9 Myths About Landlords and Why They Are A Part of the Capitalist System of Oppression.
Every time rent day looms, there will be a group of people struggling to make rent, likely:
- dealing with anxiety and stress related to their situation
- facing impossible decisions about how to cover their basic needs
- facing the reality of becoming homeless
In times of crisis; natural disasters, wars, economic downturn, and pandemics — such as the COVID-19 crisis — unemployment, precarious employment, and welfare reliance spikes, placing strain on the renting market. Let’s be clear, this strain is unnecessary and is an outright failure of the capitalist system.
Across Canada, evictions have been temporarily suspended amid the COVID pandemic. Landlords are literally banned from evicting tenants — although they have been trying… In a disgusting show of heartlessness and vindictiveness, a group of Vancouver landlords strategized ways around the new rules and evict tenants. Gross. I’m sure they’re not alone.
Eviction bans are a much-needed move, one that other countries would be cruel not to adopt, but without long term support in place for renters, eventually, people will be evicted as a consequence of their lack of ability to pay rent during a crisis (and this inability may also inhibit their ability to secure future rentals.) Evictions leave landlords open to increase rent on a property, which prices some people out of specific areas, usually areas that have undergone gentrification, and areas in and a city.
It’s a very real situation, that many people before, during, and after enduring this crisis aren’t afforded the right to safe and secure housing. THIS IS A FAILURE OF THE SYSTEM. The commodification of housing and shelter is a colonial, capitalist practice that enriches the rich by further marginalizing the marginalized. Systematic oppression of this kind enables property owners to buy more property, pushing everyone else further from the ability to own land and housing. It is this ownership of property and lack of affordable housing that drives the cost of shelter up. It is essentially malpractice against human rights and dignity.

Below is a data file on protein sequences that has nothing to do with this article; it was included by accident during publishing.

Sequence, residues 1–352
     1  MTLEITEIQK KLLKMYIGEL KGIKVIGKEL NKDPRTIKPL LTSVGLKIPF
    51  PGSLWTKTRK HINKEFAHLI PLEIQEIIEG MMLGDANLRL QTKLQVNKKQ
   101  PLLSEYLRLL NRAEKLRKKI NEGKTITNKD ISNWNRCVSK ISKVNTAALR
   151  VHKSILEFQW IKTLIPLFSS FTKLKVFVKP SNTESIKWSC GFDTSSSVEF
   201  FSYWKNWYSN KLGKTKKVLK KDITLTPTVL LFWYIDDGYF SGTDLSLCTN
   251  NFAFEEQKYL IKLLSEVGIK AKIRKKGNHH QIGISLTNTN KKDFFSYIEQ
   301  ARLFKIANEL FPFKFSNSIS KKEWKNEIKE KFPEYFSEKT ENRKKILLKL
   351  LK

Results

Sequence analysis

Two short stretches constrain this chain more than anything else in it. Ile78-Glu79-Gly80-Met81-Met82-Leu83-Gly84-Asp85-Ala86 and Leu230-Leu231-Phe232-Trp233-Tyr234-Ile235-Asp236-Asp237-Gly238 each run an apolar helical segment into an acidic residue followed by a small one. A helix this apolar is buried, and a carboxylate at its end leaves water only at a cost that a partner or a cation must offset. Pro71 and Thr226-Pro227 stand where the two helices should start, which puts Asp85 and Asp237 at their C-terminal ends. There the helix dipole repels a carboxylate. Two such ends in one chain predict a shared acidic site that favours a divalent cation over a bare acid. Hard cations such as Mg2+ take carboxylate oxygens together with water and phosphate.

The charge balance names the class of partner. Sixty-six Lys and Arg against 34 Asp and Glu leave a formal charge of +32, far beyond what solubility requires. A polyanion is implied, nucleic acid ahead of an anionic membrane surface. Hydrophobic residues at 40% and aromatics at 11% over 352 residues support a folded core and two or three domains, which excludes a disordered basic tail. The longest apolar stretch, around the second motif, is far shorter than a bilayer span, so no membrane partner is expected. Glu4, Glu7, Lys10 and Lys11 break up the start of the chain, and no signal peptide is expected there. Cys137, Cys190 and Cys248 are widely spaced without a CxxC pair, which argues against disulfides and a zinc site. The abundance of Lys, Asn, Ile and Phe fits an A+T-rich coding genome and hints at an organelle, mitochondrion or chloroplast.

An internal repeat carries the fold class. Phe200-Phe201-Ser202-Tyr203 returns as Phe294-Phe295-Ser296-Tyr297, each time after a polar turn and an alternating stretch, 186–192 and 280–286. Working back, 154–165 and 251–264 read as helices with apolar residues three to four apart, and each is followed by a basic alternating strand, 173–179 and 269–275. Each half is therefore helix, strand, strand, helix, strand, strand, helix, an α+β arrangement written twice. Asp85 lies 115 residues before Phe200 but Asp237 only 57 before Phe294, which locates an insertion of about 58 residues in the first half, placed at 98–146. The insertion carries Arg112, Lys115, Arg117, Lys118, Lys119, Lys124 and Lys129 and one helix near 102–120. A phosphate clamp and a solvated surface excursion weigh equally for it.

With all this in mind, it’s time to get myth-busting and take apart the illusions surrounding landlords and property ownership.
1. Landlords can enter the property you rent at any time.
LIKE HELL THEY CAN! This is part of the bigger myth that landlords can do what they what with the property they own. But, if you live in a rented property, you have the right to live there peacefully and without harassment, including from the owner. Landlords have to ask permission to enter the residence, and that permission has to be within reasonable notice. In some countries, a text isn’t even a valid form of notification!
2. If you owe rent, landlords can:
- Remove your belongings from the property
- Take possession of your belongings
- Cut off utility services
- Change the locks
No. No. No. And no. Again, landlords can’t just do what they want. In many countries these things are illegal, and if any a landlord does any of these or threatens to do any of these, you have the right to seek legal guidance. It’s downright criminal for landlords to steal or move possessions, and create unsafe situations. And if for any reason these actions are permitted in a country, take it as evidence that particular government does not sufficiently care for all people in its society.
3. Landlords are just trying to get by.